Final Decision FIC2011-124
In the Matter of a Complaint by
The Connecticut Resources
||Docket #FIC 2011-124|
Chief Executive Officer,
The Metropolitan District;
and The Metropolitan
February 8, 2012
The above-captioned matter was heard as a contested case on August 25, 2011, at which time the complainant and the respondents appeared, stipulated to certain facts and presented testimony, exhibits and argument on the complaint. After consideration of the entire record, the following facts are found and conclusions of law are reached:
1. The respondents are public agencies within the meaning of §1-200(1), G.S.
2. It is found that, by letter dated February 10, 2011, the complainant requested that the respondents provide it with copies of the following twenty-five categories of records:
1. All documents concerning the selection and/or exclusion of the specific parts of the FAR System [or FARS1] that the MDC is considering adopting pursuant to the authority granted to it by section 1(g) of Connecticut Special Act No. 08-9, including, without limitation, documents containing any explanation, justification or reason for selecting or excluding any part of the FAR System.
FARS stands for the Federal Acquisition Regulations System and is a set of regulations that are used by the federal government in procuring goods and services on behalf of federal agencies.
2. All documents constituting communications among and between any commissioner, employee, or consultant of the MDC and R. Bartley Halloran concerning the adoption or exclusion by the MDC of parts of the FAR System pursuant to section 1(g) of the Connecticut Special Act No. 08-9.
3. All documents concerning the interpretation of the statement in the first paragraph of page five of the Contractor Diversity Report that the legislature authorized in the MDC to “adopt, by ordinance” [sic] one or more of the procedures set forth in the Federal Acquisition Regulations. . . .,” including, without limitation, documents setting forth the justification(s) for adopting anything less than the entire FAR System.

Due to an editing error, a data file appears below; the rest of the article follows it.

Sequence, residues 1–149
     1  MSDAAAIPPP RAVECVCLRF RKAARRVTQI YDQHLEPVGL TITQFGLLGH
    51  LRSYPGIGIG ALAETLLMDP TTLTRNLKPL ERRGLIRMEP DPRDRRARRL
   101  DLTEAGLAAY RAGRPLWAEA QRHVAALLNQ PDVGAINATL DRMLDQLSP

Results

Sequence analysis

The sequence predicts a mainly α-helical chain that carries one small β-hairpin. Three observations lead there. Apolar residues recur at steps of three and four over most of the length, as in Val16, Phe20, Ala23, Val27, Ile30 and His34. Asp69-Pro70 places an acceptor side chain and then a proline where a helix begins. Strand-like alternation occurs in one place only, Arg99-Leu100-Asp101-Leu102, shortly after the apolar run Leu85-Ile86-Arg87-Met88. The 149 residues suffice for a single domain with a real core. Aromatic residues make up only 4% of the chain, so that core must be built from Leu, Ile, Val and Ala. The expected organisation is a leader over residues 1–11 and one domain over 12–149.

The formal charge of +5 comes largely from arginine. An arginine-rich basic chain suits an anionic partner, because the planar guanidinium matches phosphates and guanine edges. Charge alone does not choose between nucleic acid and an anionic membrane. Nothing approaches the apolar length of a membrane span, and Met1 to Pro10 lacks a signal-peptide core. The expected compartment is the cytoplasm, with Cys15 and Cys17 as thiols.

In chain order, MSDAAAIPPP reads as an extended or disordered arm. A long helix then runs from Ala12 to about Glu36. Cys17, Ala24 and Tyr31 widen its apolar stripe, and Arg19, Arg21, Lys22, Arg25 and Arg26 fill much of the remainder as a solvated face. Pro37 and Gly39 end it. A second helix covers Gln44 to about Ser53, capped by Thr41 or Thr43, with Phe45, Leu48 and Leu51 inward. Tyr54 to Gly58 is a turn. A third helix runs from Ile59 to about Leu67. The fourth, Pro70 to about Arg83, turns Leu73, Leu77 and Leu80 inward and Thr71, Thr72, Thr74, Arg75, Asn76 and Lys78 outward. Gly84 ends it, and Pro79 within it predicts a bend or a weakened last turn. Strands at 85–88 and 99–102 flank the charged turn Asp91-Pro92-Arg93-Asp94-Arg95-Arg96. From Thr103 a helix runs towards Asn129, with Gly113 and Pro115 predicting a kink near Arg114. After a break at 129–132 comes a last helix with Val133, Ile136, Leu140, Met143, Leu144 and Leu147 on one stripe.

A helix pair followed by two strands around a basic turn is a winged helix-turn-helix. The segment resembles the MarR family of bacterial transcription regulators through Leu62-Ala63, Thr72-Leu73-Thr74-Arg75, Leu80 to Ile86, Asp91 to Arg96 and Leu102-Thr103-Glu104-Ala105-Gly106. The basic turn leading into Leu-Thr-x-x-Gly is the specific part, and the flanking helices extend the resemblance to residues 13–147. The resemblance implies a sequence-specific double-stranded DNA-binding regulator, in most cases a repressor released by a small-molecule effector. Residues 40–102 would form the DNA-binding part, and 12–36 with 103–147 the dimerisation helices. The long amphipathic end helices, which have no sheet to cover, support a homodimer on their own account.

4. All documents concerning the benefits and/or cost (financial or otherwise) to the MDC of adopting parts of the FAR System pursuant to the authority granted under section 1(g) of Connecticut Special Act No. 08-9.
5. All documents concerning the financial impact on the MDC of adopting parts of the FAR System in lieu of the competitive bidding system currently governing MDC procurement practices and procedures.
6. All documents concerning the MDC’s reasons for replacing, in whole or in part, the current competitive bidding system employed by the MDC with the FAR System, or any portion thereof.
7. All documents constituting communications by any commissioner, employee, or consultant of the MDC expressing concern or raising any question about the MDC transitioning from the competitive bidding system presently in place to a procurement system based on adopting parts of the FAR system.
8. All documents containing any statement or representation supporting the exercise of the authority granted to the MDC pursuant to section 1(g) of Connecticut Special Act No. 08-9, notwithstanding the conclusion by MDC legal counsel in the Contractor Diversity Report that “there is currently insufficient evidence to demonstrate a compelling governmental need for developing a gender or race-specific program to promote M/WBE participation in MDC contracting.”
9. All documents relied upon or considered in preparing and/or producing the Contractor Diversity Report.
10. All documents reflecting the comments, mental impressions, thoughts, responses, concerns and/or opinions of any MDC commissioner or employee concerning the contractor Diversity Report.
11. [There is no request number 11 in the request for records]
12. All documents prepared by MCI concerning the Diversity Study (other than the Diversity Study itself).